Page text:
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Campaign for the Public University
Actualizado: fai 2 horas 22 min
In England and in Ireland one of the consequences of the politics of austerity is the privatisation of higher education and its marketisation as a commodity. Fintan O’Toole, literary editor of the Irish Times, sets out the ‘Culture Shock’ that this involves. As he writes, higher education “is not a consumer product but a social, economic and democratic imperative.” As in England, so in Ireland, the policies are self-defeating in terms of their aim to reduce the cost of higher education, but the consequences for democracy and political culture will be much more serious.
The publication of articles in the Times Higher and the Guardian that the costs of the new system of funding of undergraduate degrees in England will cost more than the system it replaces calls for some comment. This time it is not about the grubby behaviour of University leaders who failed to speak out and sought to forestall cuts in funding by allowing the costs to be shifted from current taxpayers to new cohorts of graduates (who, in turn, would be the future taxpayers asked to bear the accumulating costs down the line as well as repayments of their own loans). This time, we need to comment on the previous silence of the wider academic community.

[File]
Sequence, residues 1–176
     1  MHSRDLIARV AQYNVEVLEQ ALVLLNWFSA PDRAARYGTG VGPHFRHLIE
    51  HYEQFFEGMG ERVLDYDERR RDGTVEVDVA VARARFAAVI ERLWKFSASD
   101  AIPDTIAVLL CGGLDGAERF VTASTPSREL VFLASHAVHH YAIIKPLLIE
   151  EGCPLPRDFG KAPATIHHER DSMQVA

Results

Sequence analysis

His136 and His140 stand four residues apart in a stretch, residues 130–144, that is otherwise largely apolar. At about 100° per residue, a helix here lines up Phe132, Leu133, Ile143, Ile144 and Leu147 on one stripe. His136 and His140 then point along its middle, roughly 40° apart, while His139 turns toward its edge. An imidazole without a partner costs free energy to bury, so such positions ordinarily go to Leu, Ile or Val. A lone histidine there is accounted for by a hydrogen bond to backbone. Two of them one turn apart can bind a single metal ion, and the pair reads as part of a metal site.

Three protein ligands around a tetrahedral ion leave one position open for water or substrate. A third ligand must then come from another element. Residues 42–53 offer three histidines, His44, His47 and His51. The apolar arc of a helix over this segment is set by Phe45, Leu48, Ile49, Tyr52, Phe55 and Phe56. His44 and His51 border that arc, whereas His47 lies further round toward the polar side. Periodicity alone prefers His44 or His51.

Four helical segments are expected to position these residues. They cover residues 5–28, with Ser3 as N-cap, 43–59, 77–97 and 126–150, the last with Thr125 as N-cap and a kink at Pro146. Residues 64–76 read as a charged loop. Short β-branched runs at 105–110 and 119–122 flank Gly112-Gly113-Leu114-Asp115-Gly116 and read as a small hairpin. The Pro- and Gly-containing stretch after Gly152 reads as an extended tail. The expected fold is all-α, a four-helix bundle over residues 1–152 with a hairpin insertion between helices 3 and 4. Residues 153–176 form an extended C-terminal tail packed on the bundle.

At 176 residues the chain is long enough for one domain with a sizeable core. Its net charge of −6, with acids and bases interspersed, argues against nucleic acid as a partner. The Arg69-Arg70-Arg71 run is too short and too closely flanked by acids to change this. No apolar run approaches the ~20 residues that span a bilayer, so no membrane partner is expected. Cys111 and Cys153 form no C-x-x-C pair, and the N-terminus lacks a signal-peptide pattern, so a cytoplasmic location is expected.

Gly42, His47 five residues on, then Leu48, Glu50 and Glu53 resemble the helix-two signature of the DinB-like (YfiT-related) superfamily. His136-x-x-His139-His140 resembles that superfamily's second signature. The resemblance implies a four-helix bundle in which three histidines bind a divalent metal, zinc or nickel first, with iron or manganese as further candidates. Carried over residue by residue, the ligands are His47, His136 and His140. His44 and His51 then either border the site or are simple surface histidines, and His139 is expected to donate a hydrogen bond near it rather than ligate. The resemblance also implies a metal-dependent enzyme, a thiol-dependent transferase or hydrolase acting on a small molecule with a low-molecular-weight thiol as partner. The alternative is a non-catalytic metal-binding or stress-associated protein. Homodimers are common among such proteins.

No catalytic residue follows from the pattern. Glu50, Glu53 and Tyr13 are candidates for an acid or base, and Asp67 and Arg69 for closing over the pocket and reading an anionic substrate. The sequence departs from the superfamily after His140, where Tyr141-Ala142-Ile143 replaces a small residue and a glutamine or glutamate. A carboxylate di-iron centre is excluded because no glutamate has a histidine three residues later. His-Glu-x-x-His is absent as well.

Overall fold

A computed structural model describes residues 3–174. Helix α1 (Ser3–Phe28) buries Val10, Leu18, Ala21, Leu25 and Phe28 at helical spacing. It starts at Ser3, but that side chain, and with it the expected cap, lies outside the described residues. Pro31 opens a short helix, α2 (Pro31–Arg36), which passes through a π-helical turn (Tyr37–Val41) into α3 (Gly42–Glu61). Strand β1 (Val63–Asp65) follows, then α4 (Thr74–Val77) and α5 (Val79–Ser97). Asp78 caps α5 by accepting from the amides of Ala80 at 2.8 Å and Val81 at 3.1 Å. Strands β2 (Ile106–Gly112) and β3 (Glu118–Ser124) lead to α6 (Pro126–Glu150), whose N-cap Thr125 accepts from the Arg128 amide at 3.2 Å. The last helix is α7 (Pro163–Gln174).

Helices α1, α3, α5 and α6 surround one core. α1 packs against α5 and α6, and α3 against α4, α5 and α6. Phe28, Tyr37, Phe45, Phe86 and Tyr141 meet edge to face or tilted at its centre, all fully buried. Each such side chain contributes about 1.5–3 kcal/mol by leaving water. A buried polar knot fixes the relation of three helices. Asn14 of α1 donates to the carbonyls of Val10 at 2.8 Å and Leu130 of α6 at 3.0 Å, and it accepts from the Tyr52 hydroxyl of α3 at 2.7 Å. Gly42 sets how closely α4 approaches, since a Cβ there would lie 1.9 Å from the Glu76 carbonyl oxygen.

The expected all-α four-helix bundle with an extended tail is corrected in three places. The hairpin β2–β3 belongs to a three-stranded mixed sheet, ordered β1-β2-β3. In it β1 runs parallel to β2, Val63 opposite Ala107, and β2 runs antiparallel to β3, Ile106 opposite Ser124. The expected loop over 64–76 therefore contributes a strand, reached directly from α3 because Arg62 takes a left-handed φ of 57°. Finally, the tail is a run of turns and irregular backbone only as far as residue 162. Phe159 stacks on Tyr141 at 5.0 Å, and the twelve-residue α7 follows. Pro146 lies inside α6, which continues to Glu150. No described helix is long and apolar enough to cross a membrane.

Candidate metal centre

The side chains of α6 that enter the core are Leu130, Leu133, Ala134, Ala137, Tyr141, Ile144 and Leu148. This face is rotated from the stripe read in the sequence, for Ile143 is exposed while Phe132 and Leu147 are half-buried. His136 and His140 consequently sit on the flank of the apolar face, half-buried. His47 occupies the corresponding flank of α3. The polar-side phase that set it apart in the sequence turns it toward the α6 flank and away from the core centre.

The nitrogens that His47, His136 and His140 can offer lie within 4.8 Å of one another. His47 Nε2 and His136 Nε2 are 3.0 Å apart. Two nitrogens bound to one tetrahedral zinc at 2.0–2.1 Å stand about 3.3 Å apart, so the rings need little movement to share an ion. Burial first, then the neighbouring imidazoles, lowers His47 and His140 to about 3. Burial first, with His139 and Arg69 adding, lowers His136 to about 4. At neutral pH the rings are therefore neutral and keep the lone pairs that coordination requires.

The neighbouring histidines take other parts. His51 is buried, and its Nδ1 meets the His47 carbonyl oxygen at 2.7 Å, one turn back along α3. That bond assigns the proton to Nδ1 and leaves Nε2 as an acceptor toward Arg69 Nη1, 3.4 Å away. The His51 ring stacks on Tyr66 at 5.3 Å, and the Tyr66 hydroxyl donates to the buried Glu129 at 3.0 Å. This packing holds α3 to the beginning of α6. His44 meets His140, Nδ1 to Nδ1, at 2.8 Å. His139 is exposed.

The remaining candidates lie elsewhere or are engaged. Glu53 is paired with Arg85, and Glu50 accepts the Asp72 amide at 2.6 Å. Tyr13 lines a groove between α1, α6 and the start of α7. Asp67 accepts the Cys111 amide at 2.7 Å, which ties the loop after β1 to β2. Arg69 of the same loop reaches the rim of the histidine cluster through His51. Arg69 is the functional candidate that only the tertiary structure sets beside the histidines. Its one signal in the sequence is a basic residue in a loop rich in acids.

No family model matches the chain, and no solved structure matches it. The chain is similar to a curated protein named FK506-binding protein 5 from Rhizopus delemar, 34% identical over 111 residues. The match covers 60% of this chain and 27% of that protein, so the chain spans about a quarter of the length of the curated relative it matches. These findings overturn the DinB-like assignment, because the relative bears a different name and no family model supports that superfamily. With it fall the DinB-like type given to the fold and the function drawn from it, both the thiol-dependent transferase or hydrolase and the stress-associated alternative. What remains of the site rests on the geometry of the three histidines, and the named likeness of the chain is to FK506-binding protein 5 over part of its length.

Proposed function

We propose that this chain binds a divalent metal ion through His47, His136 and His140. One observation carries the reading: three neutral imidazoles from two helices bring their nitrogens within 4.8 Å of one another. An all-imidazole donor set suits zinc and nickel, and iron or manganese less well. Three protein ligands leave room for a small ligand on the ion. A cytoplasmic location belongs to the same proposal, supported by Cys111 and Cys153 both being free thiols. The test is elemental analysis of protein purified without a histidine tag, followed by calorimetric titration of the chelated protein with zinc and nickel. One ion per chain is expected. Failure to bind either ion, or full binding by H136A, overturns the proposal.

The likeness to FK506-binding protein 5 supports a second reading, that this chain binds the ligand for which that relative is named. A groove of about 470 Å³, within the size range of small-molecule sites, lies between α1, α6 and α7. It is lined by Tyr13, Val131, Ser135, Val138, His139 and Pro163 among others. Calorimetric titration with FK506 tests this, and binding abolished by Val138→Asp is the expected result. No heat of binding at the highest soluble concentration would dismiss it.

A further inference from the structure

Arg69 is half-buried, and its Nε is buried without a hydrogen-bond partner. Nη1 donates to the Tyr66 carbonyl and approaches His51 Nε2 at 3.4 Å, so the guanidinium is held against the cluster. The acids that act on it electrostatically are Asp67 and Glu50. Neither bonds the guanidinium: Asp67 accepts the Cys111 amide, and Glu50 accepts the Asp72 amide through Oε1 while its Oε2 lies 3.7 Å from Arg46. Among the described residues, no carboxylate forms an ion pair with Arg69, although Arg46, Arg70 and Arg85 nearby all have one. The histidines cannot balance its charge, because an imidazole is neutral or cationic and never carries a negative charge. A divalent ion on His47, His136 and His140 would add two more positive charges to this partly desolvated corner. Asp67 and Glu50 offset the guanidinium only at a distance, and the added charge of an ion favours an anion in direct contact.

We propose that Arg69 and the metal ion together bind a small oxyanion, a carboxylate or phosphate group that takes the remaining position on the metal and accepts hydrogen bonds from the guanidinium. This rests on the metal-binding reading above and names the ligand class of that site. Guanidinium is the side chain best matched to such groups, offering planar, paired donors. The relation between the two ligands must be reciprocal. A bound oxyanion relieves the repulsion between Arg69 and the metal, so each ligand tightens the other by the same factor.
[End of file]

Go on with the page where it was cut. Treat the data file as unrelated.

Given that the Campaign for the Public University and other groups have been setting out the unsustainable nature of the new system and its ideological character since the publication of the Brown Review in October 2010, the only surprise is that the unsustainability of the new system should be a surprise.
Below, we present an explanation in terms of the three stages of academic awareness.